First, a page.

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Imagine this calf all fitted up for a show.

Just because it moo’s doesn’t mean it should be breeding stock!

I’m going to go on a limb, because that’s where the fruit is, and talk about this a little bit.

Just because an animal has a registration paper doesn’t mean it should be breeding stock either!

Are you getting up tight yet?

Believe me, I’ve raised thousands of head of cattle. Some people come and want cows that are functional but “cheap” = “under market price”. They don’t care if the cow ever produces a replacement. Fact is, some of them shouldn’t! Those folks raise cattle for 1-2-3-4 years then move on. They sell the cow, with her papers to someone else. They think it’s one of the best cows they’ve ever seen. BUT they don’t have the same view the previous owner had. They bought that cow “cheap” = “under market price”. So they don’t care. They’re gonna make big money on some “good deal”. But will they?

Maybe that female is a great mother, but she fails to make a bull that looks like a bull. Or make daughters better than herself using average quality bulls.

At what point do we raise the bar.

At Rolling Hills Cattle Company, I’ve raised the bar. I made a market for my cull cows so that they bring a decent living wage back to us, and hold the value of quality that the market needs. We then price our breeding stock at 1.5-2x that market price. Which is the average amount that quality breeding cattle bring over market price.

Some places you can pick up commercial black cows for about the same price, or just a little less than what ours are selling for. We are still very much at a fair market value. We are not producing cattle for the lower 15% xxx-mart’s of the world. We’re producing for the top 15%. There’s a lot of average in between. There’s no point in producing for that market. It’s flooded already.

Quality cattle will always bring a better price. A diamond is worth more than coal. They are produced together, but one is black, the other is white/ clear. One is porous, the other is very solid and uniformly shaped.

If you’re going to go through the motions to feed, water, calve, breed, wean, feed, fence, and so on a cheap cow, and a quality cow, but the returns on a quality cow are 25-50-100-200% more than the cheap cow, does it stand to reason that spending more up front is worth it?

We’re all intelligent and logical people. It’s easier to buy a good quality refrigerator, vs an ice box. The Ice box may be cheaper, but it requires an Ice house, straw, Ice collecting, and a ton of labor that will cost far more than the refrigerator that plugs into the wall for a few cents a day of electric.

I don’t know where that analogy came from, but it’s not bad.

In the end, a cattlemen who is in the beef cattle business is concerned about profit per acre. He only has so many acres. The cows are the cash crop.

Recently Kit Pharo shared a post:

“The best analogy I’ve ever heard was when Johan Zietsman said, “If corn farmers thought like beef producers, they would space their plants far apart and try to maximize the number of ears per plant and the number of kernels per ear. They would think nothing about yield per acre. In the end, they would all go broke.”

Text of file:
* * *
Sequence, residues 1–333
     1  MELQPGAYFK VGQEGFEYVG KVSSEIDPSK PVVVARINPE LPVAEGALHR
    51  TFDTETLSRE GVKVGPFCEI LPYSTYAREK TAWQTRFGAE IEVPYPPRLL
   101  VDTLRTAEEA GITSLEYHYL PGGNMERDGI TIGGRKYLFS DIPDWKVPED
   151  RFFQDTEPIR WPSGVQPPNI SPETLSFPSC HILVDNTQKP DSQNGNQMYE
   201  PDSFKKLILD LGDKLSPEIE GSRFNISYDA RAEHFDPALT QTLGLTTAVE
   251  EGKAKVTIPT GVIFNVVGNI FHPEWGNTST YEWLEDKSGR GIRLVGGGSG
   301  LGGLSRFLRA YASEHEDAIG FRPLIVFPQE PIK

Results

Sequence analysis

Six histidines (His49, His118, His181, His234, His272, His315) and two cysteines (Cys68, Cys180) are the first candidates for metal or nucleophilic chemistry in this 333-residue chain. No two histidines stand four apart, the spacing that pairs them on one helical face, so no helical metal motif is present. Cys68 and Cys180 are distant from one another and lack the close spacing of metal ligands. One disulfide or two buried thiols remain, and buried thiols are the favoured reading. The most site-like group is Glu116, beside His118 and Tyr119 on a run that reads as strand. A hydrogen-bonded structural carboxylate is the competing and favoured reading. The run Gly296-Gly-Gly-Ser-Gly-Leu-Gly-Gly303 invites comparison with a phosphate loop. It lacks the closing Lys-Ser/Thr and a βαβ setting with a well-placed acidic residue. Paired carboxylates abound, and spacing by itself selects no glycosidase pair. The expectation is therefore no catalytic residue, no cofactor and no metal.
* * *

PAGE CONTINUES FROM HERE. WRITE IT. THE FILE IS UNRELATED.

If the goal of a corn farmer is to increase production per plant, he would plant few plants per acre — as shown in the foreground of the picture to the right. On the other hand, if the farmer’s goal was to increase production per acre, he would plant many plants per acre — as shown in the background of the picture to the right. The plants in the foreground will produce more pounds per plant — but profit will be nonexistent.

Can you see how ridiculous it is to focus on more pounds per cow at the expense of more pounds per acre? This is the biggest difference there is between high-profit producers and average producers. This is why many PCC customers are two to five times more profitable than their neighbors. Nothing affects profitability, or lack thereof, as much as stocking rate. ”

Johan Zietsman photo credit.

So just because a cow or bull has an udder or testicles in tact, doesn’t mean it’s a quality animal. We need to be VERY picky about what we keep and reproduce as registered breeders. Even more strict than the commercial cattlemen. In order to offer the commercial cattlemen a bull or cow that has good phenotype to produce more pounds of calf per acre, offering them more profit per acre, we must be picky! We must scrutinize every detail. Including the dam and sire of the prospect.

Check out the website to learn about linear measurement and how these techniques can help you be more picky when selecting your breeding stock before you invest a lot of time and money into cows or bulls that will not help improve your herd. Gerald Fry has since passed on, but his son has kept the education alive. There are other cattlemen who have a great eye for structure and phenotype. They are great people to learn from.

Never settle for a “cheap” = “under market price” cow or bull. Buy 5 good ones instead of 10 “cheap” cows and make more money in the long run.